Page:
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Heinrich Barth: the greatest explorer you've never heard of

Writer Steve Kemper tackles Barth in the first biography in English about the explorer who ventured into Islamic Africa.

By Randy Dotinga / July 13, 2012

Explorer Heinrich Barth gathered extensive data on Islam in Africa during his time there.


His fantastic mutton chops alone should give Heinrich Barth some immortal fame. But that's not all that sets him apart. The 19th-century German explorer led an extraordinary five-year expedition into Islamic Africa, a journey that taught the West about the amazing cultures and creatures of a mystery continent.

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But Barth and his adventure are barely remembered today. Perhaps it's because of his nationality, his prickly personality, or his inability to express his thoughts in anything less than thousands of pages.

Whatever the case, one of the world's great explorers is now the subject of his first biography in English. It's titled "A Labyrinth of Kingdoms: 10,000 Miles through Islamic Africa" and written by Connecticut-based freelance journalist Steve Kemper.

I reached Kemper at his home and listened to his soft Kentucky accent – he's from Louisville – as he described an explorer worth remembering for more than his sideburns.

Q: Why haven't we heard of this guy?

A: There are a lot of reasons, and they all add up to a perfect storm.

He was German and working for the British, who like their heroes home-grown and have a long history of suspicion of the Germans. He managed to accomplish one of their greatest expeditions ever, and he was German. Some people didn't get over that.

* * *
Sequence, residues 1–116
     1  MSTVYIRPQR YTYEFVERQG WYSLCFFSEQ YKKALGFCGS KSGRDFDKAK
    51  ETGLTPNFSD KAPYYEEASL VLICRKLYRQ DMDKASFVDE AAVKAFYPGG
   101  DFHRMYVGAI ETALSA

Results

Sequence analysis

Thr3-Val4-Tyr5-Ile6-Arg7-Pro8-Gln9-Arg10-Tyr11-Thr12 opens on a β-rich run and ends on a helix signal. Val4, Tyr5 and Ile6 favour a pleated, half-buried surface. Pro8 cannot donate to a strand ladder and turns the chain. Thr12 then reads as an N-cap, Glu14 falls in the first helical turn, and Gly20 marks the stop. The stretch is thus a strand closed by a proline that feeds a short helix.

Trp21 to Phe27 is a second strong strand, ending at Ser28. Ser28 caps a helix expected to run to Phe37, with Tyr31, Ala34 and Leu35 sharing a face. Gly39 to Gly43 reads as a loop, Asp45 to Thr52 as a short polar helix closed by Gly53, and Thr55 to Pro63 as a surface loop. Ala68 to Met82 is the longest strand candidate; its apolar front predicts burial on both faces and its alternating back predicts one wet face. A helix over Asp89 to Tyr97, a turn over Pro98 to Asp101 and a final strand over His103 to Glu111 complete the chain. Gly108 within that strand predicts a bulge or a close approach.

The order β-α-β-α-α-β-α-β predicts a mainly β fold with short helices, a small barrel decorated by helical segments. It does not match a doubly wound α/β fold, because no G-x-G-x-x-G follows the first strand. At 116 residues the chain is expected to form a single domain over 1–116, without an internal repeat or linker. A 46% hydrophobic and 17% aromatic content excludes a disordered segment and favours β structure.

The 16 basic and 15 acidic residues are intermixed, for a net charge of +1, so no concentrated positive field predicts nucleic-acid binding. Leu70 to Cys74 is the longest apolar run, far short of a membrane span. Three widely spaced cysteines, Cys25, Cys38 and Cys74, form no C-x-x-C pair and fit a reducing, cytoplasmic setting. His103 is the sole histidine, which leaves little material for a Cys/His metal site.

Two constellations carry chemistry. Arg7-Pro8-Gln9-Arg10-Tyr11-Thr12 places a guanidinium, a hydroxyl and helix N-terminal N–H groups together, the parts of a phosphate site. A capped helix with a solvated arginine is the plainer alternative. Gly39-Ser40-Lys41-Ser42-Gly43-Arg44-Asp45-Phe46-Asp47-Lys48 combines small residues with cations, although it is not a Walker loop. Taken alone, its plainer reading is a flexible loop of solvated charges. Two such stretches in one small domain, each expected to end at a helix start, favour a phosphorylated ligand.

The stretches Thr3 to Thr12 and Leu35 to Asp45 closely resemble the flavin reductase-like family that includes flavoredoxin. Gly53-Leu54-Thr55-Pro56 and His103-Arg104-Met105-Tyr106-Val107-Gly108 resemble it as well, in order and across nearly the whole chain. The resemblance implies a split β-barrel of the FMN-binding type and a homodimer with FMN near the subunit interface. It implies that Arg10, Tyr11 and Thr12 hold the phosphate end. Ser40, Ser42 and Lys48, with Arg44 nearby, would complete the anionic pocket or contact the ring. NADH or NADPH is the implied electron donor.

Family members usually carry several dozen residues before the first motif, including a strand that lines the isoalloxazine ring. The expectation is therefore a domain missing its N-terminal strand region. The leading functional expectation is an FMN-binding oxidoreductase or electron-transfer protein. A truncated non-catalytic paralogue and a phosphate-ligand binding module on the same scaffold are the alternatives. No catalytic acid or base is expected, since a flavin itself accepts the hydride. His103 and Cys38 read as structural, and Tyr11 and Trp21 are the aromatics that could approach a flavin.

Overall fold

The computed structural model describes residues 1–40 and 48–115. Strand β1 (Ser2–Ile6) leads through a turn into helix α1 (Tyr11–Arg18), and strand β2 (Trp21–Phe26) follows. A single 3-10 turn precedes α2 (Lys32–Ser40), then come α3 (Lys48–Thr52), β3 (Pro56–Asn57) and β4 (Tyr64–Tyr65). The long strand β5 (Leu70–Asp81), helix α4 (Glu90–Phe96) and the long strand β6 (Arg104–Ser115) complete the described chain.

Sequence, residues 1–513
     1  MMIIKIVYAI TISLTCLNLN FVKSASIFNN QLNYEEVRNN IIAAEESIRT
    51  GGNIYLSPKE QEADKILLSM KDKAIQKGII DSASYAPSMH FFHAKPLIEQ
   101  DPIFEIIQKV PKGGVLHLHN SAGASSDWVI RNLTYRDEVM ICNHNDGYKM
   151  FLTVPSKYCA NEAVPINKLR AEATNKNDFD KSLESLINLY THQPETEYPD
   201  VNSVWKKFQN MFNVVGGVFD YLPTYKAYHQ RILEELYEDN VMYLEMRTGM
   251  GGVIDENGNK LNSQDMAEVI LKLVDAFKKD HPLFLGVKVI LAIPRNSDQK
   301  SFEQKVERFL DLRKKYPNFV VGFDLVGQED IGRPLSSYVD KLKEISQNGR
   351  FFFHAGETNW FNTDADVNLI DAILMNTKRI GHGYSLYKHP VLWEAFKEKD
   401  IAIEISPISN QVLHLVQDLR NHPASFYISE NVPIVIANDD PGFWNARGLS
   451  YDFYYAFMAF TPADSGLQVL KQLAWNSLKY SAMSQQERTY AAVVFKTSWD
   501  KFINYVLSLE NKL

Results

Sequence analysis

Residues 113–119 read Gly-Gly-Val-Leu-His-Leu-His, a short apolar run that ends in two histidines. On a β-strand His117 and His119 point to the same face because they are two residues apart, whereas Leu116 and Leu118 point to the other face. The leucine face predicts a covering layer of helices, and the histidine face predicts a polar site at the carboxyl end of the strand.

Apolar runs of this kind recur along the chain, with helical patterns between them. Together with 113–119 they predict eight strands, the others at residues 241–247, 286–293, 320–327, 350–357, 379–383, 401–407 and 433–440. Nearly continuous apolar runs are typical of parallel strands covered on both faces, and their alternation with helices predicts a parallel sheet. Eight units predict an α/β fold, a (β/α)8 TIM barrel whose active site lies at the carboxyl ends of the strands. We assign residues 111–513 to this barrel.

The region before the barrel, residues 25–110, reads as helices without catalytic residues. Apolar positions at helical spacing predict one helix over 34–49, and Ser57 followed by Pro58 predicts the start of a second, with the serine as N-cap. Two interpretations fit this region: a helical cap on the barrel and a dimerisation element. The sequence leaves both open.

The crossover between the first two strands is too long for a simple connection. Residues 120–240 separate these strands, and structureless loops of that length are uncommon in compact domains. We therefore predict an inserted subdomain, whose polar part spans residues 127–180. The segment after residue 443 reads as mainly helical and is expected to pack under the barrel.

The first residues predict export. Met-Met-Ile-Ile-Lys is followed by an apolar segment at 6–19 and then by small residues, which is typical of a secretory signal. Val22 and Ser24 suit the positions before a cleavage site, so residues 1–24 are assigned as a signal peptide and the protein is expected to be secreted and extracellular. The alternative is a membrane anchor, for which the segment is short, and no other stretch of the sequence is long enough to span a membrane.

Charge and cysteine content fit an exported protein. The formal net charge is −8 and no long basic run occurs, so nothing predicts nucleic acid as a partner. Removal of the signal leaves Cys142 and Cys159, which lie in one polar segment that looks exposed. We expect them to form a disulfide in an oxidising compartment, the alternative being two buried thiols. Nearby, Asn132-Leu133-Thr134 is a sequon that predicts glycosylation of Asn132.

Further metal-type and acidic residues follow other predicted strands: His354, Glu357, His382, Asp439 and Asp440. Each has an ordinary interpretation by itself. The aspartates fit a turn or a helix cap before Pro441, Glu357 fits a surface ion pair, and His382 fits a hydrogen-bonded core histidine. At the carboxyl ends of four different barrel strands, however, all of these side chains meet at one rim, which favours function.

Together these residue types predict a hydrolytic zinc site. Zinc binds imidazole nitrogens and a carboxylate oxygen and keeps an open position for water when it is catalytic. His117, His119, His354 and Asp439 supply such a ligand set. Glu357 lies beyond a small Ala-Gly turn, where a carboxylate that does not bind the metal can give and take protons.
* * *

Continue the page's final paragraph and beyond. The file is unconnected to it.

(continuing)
There was also was the length and density of Barth’s work -- 3,500 pages of closely observed nature, culture, ethnography. The book didn't create the stir that Livingstone and Stanley did.

Then there's the stuff he came back with: Islam is a great religion, and Africa has a history of culture and literature, complex societies and systems of government. This was going against what people wanted to believe about the continent they wanted to pillage and take over.

And there was also his personality.

Q: To borrow an old word, he seems like a bit of a prig. Was he?

A: Not more priggish than other Victorians were, but he was highly susceptible to slights against his honor. Whenever he felt he was slighted, he responded with too much pique.

When he left Britain and went back to Germany, all those things added up to him being neglected.

Q: What did he discover during his travels in north-central Africa?

A: He discovered the Benue River, the major tributary of the Niger River, and he discovered a couple of kingdoms that were totally unknown. He went to a lot of places that nobody knew about.

Q: As you write, he spent time in Timbuktu, which still has a reputation as being a place out in the boonies. What's the story behind Timbuktu?


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